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May report card: Evaluating M's management

Despite a depleted roster and broken rotation, both McClendon and Zduriencik have steered the Mariners in the right direction this month.

Steven Bisig-USA TODAY Sports

In May, the Mariners finished with a 16-14 record, their first month over .500 since July 2013. They've outscored their opponents 127-113 with James Jones in the lineup, and won three games under the direction of Roenis Elias. If they're capable of this much without prospects like Taijuan Walker and James Paxton, or sometime-power hitter Corey Hart, the hope is that they'll find even more success when the DL has been purged of its sick and injured.

At the beginning of this month, I ran a poll to gauge the general feelings toward Lloyd McClendon and Jack Zduriencik. Over 80% of readers expressed disapproval or uncertainty concerning management, leaving a slight margin of 17% who believed the team was on the right track.

Granted, April was a tough month. The M's were hot out of the gate, but faded fast, losing several pitchers to injuries and struggling to work out the kinks in the lineup. (Abraham Almonte's astronomical strikeout rate comes to mind here.) Given another month, however, things are looking up -- or if not up, at least showing signs of progress. Let's take a look at how the M's management style has shifted over the last few weeks.

Jack Zduriencik

In early May, I worried that the biggest challenge facing Jack Zduriencik was finding consistency in a constantly broken rotation. Not only did Walker and Paxton face lengthy rehab stints, but Hisashi Iwakuma had been missing for several weeks with a sprained finger on his throwing hand. It seemed like every time a replacement was brought up, he too succumbed to an unexpected setback.

This month, little has changed. Iwakuma was reinstated into the rotation, displaying flashes of his pre-injury dominance with consecutive eight-inning shutouts. Taijuan Walker and James Paxton were not recalled, as previously expected, due to slow progress with Walker's rehab in Tacoma and a relapsed shoulder inflammation for Paxton. The days between Felix Hernandez's starts seemed to drag, especially with Brandon Maurer's mid-month collapse.

Except for his involvement in the decision to demote Maurer, Jack Z has been fairly tight-lipped about the M's struggles this month. It can be assumed that he's focusing more of his attention on the upcoming draft, with his first-round pick rumored to be Alex Jackson, a young catcher from San Diego. However, with no clear solution for the Mariners' rotation and multiple holes in the lineup, Zduriencik will be forced to take action sooner rather than later. One of the biggest questions facing him, if Internet hype can be believed, is the acquisition of Kendrys Morales, who will be more attractive to prospective teams after the draft ends this weekend.

Lloyd McClendon

When we last examined Lloyd McClendon's managerial skills, the skipper had a lot of positive things to say about the team. He seemed to be well-liked by his players, who appreciated a more laid-back approach and felt that they were getting a champion and supporter in McClendon, rather than someone who might harp on their failures or nitpick their techniques. My main concern with McClendon was his experimental approach to the M's hitting struggles, especially when it came to leadoff hitter Abraham Almonte.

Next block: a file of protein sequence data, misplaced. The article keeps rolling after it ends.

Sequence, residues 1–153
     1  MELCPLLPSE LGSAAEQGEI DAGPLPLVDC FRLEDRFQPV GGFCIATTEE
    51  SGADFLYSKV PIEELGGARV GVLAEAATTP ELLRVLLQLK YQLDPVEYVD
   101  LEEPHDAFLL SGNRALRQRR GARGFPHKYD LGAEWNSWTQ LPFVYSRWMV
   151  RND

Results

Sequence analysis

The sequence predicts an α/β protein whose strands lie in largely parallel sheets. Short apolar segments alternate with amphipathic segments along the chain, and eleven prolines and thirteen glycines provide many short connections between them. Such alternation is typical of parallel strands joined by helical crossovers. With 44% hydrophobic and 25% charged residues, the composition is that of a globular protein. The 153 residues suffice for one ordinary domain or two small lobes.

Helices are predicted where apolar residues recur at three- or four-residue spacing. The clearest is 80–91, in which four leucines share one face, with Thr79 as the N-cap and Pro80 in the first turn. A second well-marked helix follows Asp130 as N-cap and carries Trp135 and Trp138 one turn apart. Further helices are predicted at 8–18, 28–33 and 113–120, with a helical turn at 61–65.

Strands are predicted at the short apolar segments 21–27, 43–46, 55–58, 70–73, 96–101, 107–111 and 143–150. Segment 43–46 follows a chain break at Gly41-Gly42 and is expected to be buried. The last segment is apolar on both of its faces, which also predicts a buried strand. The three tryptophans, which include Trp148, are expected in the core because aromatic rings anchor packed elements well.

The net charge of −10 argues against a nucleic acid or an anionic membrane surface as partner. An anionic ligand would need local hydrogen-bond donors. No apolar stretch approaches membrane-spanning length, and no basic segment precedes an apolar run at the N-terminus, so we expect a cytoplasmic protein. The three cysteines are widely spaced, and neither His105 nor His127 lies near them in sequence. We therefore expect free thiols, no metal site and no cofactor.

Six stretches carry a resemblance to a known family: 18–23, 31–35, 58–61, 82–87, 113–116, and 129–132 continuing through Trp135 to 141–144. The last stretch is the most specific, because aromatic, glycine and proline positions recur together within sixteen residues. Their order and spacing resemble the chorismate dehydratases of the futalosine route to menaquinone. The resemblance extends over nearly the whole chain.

In May, we saw a bit more fire and brimstone from Lloyd, who was ejected for the first time (and later, the second time) since May 23, 2012 after berating Astros' catcher Jason Castro for taking too many trips to the mound in order to allow reliever Jose Cisneros additional warm-up time. Later in the month, following a few bitter losses, McClendon fired some underhanded comments about Houston's "average" pitching. When he was ejected in a 2-0 shutout against the Rays, this time for arguing a check swing, Lloyd chucked his cap into the field, then recovered it and fired it into the stands before exiting the field.

Thankfully, his temper has been directed away from the team, despite a few blown games and poor performances. McClendon gave the Mariners a 50-game ultimatum, expecting that he would get a clear picture of the team's strengths and weaknesses after playing out the small sample size. When 50 games were up, he made the following comments to the Seattle Times:

"I learned a long time ago that you are never as good as you think you are and you are never as bad as you think you are, you're usually somewhere in the middle," McClendon said. "After 50 games, we are somewhere in the middle. I like where we are."

While McClendon seems vaguely positive about the direction of the team, he is leaving lots of room for improvement. One thing the skipper got right this month was Abraham Almonte's replacement as a leadoff hitter. Following the outfielder's demotion, Michael Saunders and James Jones traded leadoff duties, each performing well above expectations. It's also to his credit that Lloyd abandoned his "If I can play the outfield, anyone can play the outfield" mantra, with particular regard to Nick Franklin, who was recalled when Corey Hart suffered a nasty hamstring strain.

Looking to the month ahead, McClendon seems more focused on strengthening the rotation. With Felix and Iwakuma the only solid locks on the pitching staff, there's plenty of room to improve. Whether or not Elias will continue his dominant outings or Walker and Paxton's arms can be salvaged still remains to be seen.

Your turn: Do you feel confident in Zduriencik and McClendon's managing strategies, or do you see areas that still need improvement? If you were manager for a day, what's the first thing you would change?